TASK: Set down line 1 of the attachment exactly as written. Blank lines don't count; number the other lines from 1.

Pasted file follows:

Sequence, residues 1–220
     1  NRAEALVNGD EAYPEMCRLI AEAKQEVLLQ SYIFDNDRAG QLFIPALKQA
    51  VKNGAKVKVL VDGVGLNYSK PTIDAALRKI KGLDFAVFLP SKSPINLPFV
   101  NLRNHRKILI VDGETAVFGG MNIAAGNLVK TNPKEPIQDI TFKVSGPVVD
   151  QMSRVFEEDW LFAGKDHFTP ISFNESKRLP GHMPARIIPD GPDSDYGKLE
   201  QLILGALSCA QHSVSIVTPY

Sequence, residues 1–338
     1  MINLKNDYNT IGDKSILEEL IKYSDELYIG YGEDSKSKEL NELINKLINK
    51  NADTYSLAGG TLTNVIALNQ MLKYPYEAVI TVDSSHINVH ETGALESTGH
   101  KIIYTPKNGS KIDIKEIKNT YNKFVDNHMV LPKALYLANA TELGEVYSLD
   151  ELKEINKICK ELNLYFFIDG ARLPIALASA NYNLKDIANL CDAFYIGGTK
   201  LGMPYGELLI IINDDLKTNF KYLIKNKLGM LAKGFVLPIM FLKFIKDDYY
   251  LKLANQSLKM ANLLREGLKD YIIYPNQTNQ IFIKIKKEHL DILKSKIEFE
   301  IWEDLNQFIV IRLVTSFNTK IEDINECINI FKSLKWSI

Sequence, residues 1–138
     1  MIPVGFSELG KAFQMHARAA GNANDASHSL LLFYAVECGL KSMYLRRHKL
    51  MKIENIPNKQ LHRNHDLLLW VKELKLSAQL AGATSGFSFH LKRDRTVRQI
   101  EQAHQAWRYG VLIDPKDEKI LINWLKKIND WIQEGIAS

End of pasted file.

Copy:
Sequence, residues 1–220